Songs are like tattoos
You know I’ve been to sea before
Crown and anchor me
Or let me sail away

“Blue” by Joni Mitchell

I was sad when I moved away from the City of Chicago and into the far-North suburbs. For a lot of reasons. But access to great coffee was chiefest among them. Where I live now is a fairly rural area and great coffee is difficult to come by. I was thrilled to find that in Crystal Lake, though there is a roasting operation called Conscious Cup Coffee Roasters. And, honestly, it ranks with some of the best companies in Chicago.

Conscious Cup has made appearances on this website before. Their Costa Rica Las Lajas that I cupped in 2016 was a pretty unique take on one of my all-time favorite coffees. So I’m really excited to share my thoughts of one their newer offerings, Burundi Buhorwa.

When Burundi opened up the coffee sector to private investment, the government put all of their nearly 200 washing stations on the market. The Sogestals – regional cooperatives who manage these washing stations – purchased several for themselves. One of these is Burundi Buhorwa – one of the country’s highest altitude washing stations, and the first community outside of Uganda to work with Crop to Cup back in 2009.

Like many other sought-after coffee growing regions in Burundi, competition for volume is fierce. In response to the competition, washing stations, Sogestals and other buyers launched collection centers for farmers who do not live close to a station and who may otherwise be enticed to sell to middlemen who are not focused on quality and who do not offer post-season premiums. For Buhorwa Washing Station and its three cherry collection centers, this not only ensures adequate volume to stay in business, but also allows for better separation of lots based on quality and cup score.*


region: Bukeye Town, Muramvya Province, Burundi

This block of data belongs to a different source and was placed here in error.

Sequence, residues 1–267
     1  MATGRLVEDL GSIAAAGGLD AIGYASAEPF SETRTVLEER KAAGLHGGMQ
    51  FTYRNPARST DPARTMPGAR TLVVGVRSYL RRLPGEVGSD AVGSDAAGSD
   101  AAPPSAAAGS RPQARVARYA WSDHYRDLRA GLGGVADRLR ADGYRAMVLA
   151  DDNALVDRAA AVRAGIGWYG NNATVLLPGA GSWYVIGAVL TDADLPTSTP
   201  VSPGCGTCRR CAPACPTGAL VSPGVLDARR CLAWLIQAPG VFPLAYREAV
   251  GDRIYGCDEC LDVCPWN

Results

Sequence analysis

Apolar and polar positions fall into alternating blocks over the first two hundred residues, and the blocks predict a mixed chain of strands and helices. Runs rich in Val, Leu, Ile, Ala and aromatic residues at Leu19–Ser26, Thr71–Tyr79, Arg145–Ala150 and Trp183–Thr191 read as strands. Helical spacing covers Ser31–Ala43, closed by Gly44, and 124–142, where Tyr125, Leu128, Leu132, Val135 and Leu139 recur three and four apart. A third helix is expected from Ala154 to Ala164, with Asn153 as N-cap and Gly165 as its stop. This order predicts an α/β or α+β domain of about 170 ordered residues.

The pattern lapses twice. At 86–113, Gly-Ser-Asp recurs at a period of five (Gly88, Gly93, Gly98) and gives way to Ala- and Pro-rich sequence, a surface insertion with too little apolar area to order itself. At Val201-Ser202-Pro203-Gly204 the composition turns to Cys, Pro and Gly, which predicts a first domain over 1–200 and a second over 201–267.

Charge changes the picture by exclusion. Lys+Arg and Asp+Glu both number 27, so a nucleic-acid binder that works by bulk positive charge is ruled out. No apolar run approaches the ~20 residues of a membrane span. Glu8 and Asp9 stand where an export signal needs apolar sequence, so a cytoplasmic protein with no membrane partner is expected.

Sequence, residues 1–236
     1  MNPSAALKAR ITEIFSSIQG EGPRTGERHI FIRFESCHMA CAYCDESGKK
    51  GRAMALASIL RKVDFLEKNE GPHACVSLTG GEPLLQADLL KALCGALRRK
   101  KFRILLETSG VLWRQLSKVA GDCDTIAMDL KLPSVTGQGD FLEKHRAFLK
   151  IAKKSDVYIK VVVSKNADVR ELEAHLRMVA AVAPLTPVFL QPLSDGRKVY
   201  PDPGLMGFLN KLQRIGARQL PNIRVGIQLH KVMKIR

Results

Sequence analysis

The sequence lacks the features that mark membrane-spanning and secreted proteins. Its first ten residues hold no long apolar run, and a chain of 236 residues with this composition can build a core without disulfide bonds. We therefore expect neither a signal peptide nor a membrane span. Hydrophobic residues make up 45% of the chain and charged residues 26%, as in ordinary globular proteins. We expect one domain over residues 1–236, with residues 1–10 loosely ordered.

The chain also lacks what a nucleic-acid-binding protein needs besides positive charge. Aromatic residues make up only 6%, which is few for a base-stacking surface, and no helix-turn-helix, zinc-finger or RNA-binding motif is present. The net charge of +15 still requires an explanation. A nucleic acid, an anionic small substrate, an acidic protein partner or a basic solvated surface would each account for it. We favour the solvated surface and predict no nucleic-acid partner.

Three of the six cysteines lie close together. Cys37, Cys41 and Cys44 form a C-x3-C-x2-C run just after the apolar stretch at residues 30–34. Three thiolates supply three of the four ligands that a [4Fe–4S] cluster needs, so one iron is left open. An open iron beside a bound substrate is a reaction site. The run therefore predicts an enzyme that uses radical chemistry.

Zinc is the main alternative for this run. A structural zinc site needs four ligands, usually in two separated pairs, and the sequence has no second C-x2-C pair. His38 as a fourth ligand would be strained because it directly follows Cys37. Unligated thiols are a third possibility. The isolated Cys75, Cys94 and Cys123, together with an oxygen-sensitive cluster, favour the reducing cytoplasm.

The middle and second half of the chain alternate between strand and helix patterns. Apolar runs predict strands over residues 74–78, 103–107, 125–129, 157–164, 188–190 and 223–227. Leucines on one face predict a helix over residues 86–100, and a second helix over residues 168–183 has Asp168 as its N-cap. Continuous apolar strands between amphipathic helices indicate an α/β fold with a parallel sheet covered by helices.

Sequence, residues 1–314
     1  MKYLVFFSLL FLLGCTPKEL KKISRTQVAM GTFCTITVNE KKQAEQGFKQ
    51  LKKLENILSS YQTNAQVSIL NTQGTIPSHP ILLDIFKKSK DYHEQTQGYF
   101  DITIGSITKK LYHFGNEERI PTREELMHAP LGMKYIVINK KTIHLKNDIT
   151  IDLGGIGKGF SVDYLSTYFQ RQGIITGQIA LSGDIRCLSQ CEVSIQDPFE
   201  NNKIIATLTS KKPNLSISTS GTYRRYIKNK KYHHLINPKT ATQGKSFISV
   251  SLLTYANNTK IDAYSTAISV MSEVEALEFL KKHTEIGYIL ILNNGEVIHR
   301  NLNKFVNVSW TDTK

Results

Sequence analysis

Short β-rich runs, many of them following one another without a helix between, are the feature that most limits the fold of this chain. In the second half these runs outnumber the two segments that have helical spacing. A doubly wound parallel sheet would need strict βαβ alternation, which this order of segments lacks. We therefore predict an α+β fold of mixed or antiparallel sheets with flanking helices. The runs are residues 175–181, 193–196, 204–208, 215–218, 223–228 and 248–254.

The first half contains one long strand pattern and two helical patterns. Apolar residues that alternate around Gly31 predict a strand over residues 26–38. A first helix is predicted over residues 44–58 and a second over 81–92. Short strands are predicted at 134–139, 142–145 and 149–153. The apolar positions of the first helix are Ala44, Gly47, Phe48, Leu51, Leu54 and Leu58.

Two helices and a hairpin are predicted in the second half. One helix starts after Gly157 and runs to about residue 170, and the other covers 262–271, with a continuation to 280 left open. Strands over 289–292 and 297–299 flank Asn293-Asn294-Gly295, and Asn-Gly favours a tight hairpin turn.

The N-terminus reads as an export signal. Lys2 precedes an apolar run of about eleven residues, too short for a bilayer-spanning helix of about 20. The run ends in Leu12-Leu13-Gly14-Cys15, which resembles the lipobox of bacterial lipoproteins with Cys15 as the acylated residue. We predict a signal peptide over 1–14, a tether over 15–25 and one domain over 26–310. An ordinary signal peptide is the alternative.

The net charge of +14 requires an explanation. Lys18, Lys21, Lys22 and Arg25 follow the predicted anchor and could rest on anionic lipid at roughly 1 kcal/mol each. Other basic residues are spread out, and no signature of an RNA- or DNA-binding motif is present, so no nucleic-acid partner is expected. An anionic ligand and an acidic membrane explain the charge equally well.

farm: Burundi Buhorwa Washing Station
producer: smallholder farmers
association: n/a
elevation: 1800 meters above sea level
cultivars: Landrace
process: fully washed, raised bed dried


The aroma of the Burundi Buhorwa is pleasant, but mild. It’s sugary sweet, with a touch of roast and black tea.

In the cup, the coffee has a lot of presence. It is fairly full-bodied, with a honeyed mouthfeel, and its flavors hit every part of my tongue – even the roof of my mouth. It leads with the sweetness of honey, roasted marshmallows, and graham cracker. That’s right – I’m practically drinking a s’more. The coffee doesn’t feature a chocolate note, though; rather, there’s a creamy vanilla that emerges as the cup starts to cool. As the coffee approaches room temperature, juicy peach and apricot emerge while black tea plays through a slightly dry, astringent finish.


The Burundi Buhorwa is easily the best coffee I’ve had from Conscious Cup yet. This is going to sound pretentious af, but this coffee has less of a flavor profile and more of a flavor experience. And what I mean by that is, it’s one of those rare coffees that really engages the consumer. This isn’t one to idly sip; it’s one that you need to spend time with.

*content courtesy of Cropster Hub

What were your thoughts of this one? Comments, questions, and suggestions are always welcome! Contact me, or enter a comment below.

2 thoughts on “Conscious Cup Coffee Roasters // Burundi Buhorwa

  1. Thank you Andrew. Crop to Cup is one of our primary sources for coffee and one reason is the steady commitment to sustainablility for the farms, both ecological and economic. It’s typical that at farm gate, proceeds are above so-called Fair Trade minimums that typically apply at the processing level. But most important, we get sublime coffees in return. Continue our adventures with us.
    Jack Shipley
    Conscious Cup Coffee Roasters.

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